Citizenship has been described by Arendt as ‘the right to have rights’,[15] and Dunne J notes in Damache that ‘the loss of citizenship, entailing as it does the loss of protection of the full range of constitutional rights…is a matter of grave significance to the individual concerned’.[16] Thus, the revocation of citizenship is a very serious consequence for actions that, if taken by a citizen by birth, would not result in their citizenship being revoked. This means that there is an inherent inequality in the treatment of naturalised citizens and mono-nationals. If, for example, a naturalised citizen fails in their duty of fidelity to the State, their citizenship may be revoked. If a mono-national acts in a similar fashion, they will be tried via the domestic criminal justice system. This difference in treatment creates a difference in ‘punishment’, and is contended to amount to a form of inequality. Further, Bauböck argues that, if the provision of security is to be understood as a core function of the State, the State has a duty to prosecute offending individuals, as opposed to simply removing them from the jurisdiction.[17] Even if one disagrees that this is a core State function, it remains unclear why the domestic criminal justice system is an appropriate means by which to prosecute mono-nationals, but is inappropriate for naturalised citizens.

As a counter to the above, some would argue that, since it is discriminatory to revoke the citizenship of dual nationals alone, the power should be expanded to apply to all citizens, as has occurred in the UK.[18] However, debates regarding an expansion of revocation powers to include mono-nationals in the UK at the time highlighted that such a measure simply creates a new form of discrimination against British citizens as opposed to removing an old one.[19] Further, revoking the citizenship of mono-nationals likely fails to keep Ireland abreast of its international legal obligation to avoid statelessness. Thus, it is argued that extending the power of revocation to more categories of citizens should not be the mode through which the Irish government pursues anti-discrimination measures.


The requirement to avoid rendering an individual stateless is an international obligation under customary international law,[20] and is also a treaty obligation under Article 8 of the 1961 Convention on the Reduction of Statelessness (hereinafter referred to as the 1961 Convention).[21] However, Ireland has made reservations to the Convention regarding its revocation powers, committing only to take statelessness into consideration when revoking citizenship.[22] It has also not incorporated the Convention into domestic legislation directly.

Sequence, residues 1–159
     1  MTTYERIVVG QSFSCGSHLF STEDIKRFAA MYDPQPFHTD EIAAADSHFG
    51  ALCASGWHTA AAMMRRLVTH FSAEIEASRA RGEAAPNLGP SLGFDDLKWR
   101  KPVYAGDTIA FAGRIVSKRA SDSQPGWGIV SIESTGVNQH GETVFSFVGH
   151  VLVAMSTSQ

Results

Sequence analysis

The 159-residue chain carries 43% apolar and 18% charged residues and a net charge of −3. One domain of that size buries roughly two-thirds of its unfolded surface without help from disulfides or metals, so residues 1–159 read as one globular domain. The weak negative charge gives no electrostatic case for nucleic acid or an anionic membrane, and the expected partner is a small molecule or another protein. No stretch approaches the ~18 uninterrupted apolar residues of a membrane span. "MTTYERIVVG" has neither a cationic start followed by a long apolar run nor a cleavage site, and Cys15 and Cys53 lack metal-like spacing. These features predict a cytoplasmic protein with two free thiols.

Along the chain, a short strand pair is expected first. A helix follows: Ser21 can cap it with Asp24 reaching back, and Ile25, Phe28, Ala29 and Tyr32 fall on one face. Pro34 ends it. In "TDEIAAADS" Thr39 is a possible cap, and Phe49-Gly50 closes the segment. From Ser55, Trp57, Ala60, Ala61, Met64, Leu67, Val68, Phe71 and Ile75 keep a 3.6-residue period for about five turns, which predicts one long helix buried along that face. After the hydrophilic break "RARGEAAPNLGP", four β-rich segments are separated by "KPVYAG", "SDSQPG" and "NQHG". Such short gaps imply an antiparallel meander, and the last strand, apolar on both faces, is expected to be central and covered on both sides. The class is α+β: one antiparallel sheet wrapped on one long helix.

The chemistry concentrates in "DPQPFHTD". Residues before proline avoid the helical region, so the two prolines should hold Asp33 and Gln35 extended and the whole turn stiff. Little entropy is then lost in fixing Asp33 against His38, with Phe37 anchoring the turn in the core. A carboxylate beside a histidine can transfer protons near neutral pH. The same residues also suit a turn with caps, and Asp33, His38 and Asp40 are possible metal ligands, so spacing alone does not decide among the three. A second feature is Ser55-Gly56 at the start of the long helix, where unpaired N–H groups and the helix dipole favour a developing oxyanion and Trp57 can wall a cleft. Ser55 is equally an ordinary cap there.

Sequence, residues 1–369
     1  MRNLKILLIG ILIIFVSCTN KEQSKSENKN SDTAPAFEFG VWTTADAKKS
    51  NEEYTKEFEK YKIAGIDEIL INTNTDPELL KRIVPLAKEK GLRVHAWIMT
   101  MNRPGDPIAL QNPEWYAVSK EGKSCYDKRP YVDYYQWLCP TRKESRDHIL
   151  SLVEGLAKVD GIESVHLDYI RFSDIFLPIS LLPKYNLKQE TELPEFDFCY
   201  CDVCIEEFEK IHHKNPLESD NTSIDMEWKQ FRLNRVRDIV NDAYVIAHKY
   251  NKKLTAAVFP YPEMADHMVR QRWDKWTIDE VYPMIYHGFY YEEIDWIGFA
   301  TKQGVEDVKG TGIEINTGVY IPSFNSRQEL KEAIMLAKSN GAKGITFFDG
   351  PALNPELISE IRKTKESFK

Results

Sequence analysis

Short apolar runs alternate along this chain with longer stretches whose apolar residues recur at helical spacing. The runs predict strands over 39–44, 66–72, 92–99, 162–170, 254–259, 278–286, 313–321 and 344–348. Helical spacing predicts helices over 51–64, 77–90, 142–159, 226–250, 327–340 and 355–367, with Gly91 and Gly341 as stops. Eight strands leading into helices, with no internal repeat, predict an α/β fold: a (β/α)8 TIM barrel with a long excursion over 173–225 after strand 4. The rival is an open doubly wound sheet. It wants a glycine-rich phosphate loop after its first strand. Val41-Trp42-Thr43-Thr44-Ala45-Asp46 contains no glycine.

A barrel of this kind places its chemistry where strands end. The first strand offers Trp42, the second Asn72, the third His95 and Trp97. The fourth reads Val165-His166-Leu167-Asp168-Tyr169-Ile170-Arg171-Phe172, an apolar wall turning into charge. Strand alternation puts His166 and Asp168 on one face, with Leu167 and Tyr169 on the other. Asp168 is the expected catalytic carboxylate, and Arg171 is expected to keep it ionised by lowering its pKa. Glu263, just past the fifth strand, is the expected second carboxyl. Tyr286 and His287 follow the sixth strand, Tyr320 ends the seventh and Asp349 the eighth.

The only mention of statelessness in the 1956 Act is contained in section 16(g), which stipulates that the Minister may, in their absolute discretion, grant an application for naturalisation where the applicant is a stateless person. However, there is no definition of a ‘stateless person’ within Irish law. To the extent that statelessness is considered in cases of revocation, the Statelessness Index Report points out that this is done on an ad hoc basis, with little guidelines as to what the Minister must consider in making such a determination.[23] The Report also highlights that there are no specific safeguards against statelessness in Ireland, particularly given that the burden of proof for establishing statelessness in the first place is unclear.[24] Therefore, this article argues that, although certain safeguards are in place, little substantial protections exist for individuals at risk of statelessness within the 1956 Act. This is an important gap in the law, given that statelessness can cause issues ranging from lack of voting eligibility to the inability to access education.[25]

Part II: Recommendations

As per Article 8(3) of the 1961 Convention, Ireland retains the right to deprive a naturalised citizen of their citizenship and render them potentially stateless where they have failed in their duty of fidelity to the State via section 19(1)(b) of the 1956 Act. This is despite the overarching obligation which the 1961 Convention imposes, to avoid rendering individuals stateless. In order to better comply with this obligation, this article recommends that section 19 be altered to mention statelessness, and to mandate that the Minister consider statelessness in all cases to ensure that it is avoided where statelessness is proven.

Furthermore, the 1956 Act should also create a definition of statelessness, as recommended by the Statelessness Index.[26] Any such definition could be based upon the definition provided in Article 1 of the 1954 Convention Relating to the Status of Statelessness Persons,[27] which Ireland has ratified. In order to facilitate the consideration of statelessness within section 19, a broader dedicated procedure by which statelessness can be proven within Ireland ought to be put in place, a practice which has also been recommended by the Statelessness Index.[28] The exact contours of such a process are beyond the scope of this article, but it is nonetheless suggested that current barriers to proving statelessness make it difficult for Ireland to remain abreast of its Convention obligations, and therefore create unfairness and confusion within s 19.